Archaeological work at the recently discovered Maya palace. (INAH)

Restoration of a Maya Palace in the Middle of the Jungle

Throughout the 20th century, Tizimín ceded most of its jungle land to agricultural and livestock uses. Kulubá is one of the last jungle sites in the municipality. This gives the site an interesting natural and cultural balance and also means that people working at the site are sharing their space with spider monkeys and other interesting local species of flora and fauna.

While the above situation would be an exciting and unique experience for some, María Fernanda Escalante Hernández and Natalia Hernández Tangarife, restorers of the Conservation Section of the INAH Yucatan Center who co-direct the architectural conservation work, have also found the environment somewhat difficult for their work; there are understandably weathering and climate concerns while trying to preserve what has been unearthed in a humid, jungle environment.

But where there are obstacles there is often room for creative solutions as well and Tangarife believes that the environment can also be used to help conservation of the site: “One option that this site gives us is to use the vegetation to help conservation; reforesting specific parts with trees to protect the structures, especially painted sections of the site, from direct light and wind,” she says.

There are two main buildings in Kulubá receiving attention for restoration right now. The first is a part of a previously discovered palace with a stucco floor depicting ‘Patolli’ - a pre-Hispanic board game that was popular in Mesoamerica.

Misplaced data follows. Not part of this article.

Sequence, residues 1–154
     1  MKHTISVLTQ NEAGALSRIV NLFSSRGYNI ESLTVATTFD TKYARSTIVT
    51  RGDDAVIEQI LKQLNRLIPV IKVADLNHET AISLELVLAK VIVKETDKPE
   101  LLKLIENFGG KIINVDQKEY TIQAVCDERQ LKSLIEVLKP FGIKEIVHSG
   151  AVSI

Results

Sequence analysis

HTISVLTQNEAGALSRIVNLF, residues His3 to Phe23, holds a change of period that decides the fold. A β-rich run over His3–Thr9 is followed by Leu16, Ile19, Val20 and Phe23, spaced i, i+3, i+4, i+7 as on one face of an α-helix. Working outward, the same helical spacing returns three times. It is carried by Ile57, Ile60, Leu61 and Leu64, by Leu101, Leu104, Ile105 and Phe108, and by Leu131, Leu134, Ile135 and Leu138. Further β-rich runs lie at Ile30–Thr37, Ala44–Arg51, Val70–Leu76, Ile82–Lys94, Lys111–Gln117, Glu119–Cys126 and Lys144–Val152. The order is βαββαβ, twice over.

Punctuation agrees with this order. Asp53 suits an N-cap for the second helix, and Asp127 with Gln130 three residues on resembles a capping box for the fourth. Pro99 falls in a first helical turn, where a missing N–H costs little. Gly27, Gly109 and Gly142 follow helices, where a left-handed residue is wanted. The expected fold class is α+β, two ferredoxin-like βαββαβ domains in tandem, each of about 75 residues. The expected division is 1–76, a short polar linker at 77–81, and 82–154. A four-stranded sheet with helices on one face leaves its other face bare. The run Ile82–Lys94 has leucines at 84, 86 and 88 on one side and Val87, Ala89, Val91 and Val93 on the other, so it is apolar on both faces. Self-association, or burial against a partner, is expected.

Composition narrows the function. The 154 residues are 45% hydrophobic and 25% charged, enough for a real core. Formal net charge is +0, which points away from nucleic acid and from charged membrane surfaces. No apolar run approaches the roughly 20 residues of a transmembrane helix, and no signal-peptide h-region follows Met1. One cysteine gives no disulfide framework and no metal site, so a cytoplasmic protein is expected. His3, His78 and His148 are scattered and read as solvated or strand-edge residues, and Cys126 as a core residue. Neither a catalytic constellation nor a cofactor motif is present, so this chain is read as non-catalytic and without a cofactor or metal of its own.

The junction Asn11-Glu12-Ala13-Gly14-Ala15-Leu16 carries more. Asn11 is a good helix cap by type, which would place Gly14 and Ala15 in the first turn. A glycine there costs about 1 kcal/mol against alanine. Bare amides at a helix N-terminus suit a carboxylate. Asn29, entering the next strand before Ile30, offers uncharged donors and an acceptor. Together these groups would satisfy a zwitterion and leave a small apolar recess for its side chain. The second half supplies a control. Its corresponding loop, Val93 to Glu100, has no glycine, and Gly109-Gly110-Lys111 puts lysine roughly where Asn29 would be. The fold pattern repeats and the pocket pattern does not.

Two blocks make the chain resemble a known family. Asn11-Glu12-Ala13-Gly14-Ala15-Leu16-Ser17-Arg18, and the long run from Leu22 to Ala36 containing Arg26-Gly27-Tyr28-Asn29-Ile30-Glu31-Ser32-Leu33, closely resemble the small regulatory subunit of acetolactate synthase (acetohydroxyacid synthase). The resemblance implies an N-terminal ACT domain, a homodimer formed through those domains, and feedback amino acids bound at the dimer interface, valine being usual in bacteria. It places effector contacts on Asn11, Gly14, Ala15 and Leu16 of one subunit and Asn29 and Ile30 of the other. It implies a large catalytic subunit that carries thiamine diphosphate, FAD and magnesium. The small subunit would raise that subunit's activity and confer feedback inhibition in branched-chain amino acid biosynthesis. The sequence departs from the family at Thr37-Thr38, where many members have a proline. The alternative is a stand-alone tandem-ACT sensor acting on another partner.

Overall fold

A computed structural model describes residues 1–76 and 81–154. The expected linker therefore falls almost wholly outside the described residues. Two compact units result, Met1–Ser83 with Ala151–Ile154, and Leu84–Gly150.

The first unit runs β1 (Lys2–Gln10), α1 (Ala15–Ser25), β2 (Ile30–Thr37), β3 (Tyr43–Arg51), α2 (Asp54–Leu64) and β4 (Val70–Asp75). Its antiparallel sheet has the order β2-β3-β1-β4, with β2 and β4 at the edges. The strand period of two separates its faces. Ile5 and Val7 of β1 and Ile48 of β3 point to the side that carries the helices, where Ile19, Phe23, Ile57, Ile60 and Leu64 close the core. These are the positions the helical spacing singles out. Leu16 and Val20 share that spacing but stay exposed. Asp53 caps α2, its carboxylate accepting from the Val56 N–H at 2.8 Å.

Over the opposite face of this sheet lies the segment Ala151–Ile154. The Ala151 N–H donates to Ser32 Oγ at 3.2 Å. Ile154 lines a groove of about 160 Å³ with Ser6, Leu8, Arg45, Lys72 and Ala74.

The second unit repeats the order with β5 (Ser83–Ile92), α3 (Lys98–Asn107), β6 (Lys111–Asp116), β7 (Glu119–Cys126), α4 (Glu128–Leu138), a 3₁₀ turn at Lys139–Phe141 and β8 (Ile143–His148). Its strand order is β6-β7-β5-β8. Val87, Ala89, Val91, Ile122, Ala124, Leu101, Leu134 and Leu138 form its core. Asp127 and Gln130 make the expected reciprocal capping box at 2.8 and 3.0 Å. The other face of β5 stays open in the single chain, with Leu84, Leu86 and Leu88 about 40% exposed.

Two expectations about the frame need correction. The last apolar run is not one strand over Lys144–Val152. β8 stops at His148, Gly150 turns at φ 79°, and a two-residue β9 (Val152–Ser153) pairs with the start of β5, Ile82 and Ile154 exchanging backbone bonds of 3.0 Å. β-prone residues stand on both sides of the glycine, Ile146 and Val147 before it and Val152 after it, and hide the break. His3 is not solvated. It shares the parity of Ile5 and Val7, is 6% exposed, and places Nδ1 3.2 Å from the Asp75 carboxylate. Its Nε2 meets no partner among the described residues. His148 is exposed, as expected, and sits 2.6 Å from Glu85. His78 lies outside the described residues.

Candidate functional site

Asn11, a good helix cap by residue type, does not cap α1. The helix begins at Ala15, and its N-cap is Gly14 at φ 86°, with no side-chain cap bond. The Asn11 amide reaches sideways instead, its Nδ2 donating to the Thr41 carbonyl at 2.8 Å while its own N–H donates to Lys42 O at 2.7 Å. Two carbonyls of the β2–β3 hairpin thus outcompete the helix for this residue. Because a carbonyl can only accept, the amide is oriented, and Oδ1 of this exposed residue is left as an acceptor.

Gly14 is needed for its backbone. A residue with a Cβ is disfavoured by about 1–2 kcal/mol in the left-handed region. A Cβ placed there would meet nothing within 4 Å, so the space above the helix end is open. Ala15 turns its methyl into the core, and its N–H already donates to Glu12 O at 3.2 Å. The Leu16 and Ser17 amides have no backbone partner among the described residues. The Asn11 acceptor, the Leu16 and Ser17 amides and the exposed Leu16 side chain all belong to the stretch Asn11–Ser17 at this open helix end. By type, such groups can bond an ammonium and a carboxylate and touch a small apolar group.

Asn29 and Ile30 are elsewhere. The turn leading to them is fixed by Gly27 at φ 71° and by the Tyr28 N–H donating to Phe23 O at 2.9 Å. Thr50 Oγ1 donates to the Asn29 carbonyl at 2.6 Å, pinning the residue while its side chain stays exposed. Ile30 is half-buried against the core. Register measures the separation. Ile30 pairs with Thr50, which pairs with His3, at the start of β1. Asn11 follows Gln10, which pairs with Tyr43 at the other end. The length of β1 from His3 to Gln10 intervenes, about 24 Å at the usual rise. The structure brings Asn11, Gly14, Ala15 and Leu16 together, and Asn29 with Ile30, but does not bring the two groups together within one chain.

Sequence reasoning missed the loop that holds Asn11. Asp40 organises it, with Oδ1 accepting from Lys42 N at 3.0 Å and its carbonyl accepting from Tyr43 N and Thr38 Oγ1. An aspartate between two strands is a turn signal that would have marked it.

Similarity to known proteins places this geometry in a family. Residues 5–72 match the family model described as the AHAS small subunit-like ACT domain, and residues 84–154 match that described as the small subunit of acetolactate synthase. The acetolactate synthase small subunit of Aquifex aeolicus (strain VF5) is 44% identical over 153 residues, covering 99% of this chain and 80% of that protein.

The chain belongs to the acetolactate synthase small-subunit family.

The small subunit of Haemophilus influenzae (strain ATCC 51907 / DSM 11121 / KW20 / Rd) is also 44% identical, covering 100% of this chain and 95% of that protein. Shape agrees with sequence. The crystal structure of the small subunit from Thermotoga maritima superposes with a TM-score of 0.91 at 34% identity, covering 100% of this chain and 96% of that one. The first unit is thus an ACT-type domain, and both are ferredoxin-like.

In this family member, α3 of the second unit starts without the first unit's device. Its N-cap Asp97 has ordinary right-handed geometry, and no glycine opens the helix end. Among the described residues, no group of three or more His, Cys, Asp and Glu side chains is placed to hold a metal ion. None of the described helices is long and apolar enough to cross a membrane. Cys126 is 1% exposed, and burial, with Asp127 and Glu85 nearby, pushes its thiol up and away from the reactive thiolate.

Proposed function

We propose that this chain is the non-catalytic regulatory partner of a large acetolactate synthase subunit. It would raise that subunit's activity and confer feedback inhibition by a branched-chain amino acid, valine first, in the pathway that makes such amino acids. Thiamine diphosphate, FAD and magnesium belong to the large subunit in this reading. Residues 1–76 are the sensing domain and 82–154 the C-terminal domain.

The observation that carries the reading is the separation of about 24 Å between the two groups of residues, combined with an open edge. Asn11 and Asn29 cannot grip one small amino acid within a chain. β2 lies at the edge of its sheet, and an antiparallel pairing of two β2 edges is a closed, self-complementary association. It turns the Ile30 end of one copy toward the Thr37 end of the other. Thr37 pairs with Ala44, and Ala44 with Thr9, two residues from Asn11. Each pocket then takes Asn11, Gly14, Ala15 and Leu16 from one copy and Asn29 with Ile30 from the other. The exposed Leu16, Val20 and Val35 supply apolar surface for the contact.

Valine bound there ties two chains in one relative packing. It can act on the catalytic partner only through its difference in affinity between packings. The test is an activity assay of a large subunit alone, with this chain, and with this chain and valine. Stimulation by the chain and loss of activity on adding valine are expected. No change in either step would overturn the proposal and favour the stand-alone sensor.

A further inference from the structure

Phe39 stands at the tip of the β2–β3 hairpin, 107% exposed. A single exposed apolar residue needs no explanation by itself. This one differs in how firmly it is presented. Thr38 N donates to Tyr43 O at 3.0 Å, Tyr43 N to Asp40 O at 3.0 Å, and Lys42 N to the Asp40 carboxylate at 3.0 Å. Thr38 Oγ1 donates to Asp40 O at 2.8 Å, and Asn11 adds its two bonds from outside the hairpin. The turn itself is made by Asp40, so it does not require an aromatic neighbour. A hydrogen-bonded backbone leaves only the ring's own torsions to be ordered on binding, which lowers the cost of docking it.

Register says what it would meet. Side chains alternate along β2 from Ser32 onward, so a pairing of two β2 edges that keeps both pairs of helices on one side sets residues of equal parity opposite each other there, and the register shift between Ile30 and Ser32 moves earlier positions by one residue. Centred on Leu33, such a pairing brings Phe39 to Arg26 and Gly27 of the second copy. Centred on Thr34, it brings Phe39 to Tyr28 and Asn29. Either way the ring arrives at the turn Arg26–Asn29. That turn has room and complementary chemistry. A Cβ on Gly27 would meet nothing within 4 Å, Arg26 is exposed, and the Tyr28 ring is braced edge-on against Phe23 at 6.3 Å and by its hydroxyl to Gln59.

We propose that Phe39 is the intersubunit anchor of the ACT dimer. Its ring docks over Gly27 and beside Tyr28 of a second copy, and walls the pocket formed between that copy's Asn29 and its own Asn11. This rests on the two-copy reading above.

The second is called the Temple of the 'U.' This is a T-shaped building with an interesting feature - carved stones covered with stucco layers that resemble the letter 'u'. Escalante explains that this decorative element would have given the structure the appearance of having had snake scales.

Archaeologists at Kulubá Yucatan Temple of the ‘U’. (INAH)

Archaeologists at Kulubá Yucatan Temple of the ‘U’. (INAH)

She says that this idea of a serpent-like appearance to the building was discovered through examining stone reliefs at the structure, which look like the jaws of a “monster of the earth.” The stucco elements are gently being cleaned to remove traces of moisture, microorganisms, and plants.

El Universal explains that “Each building shows elements of the cosmovision, ideology, and religion shared with the ancient inhabitants of Ek Balam, another archaeological area in eastern Yucatán,” thus conservation work is vital for gaining the best possible understanding of life and beliefs in the ancient Maya palaces at Kulubá.

This is the fourth Kulubá field season. It started in November and work will continue at the site until March 2020. Proceso reports that 55 day laborers, 20 of them women, have been working alongside the experts on the site to preserve their local heritage.

Top image: The Maya palace recently discovered in the Yucatan, Mexico. Source: INAH

By Alicia McDermott

Alicia McDermott's picture


Alicia McDermott holds degrees in Anthropology, Psychology, and International Development Studies and has worked in various fields such as education, anthropology, and tourism. Traveling throughout Bolivia, Peru, Colombia, and Ecuador, Alicia has focused much of her research on Andean cultures... Read More